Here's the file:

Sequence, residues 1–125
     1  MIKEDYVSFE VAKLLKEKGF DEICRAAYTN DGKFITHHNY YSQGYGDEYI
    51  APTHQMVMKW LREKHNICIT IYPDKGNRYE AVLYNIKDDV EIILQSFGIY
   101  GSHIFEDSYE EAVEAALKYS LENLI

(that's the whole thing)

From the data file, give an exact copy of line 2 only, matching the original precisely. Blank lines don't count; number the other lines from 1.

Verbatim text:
     1  MIKEDYVSFE VAKLLKEKGF DEICRAAYTN DGKFITHHNY YSQGYGDEYI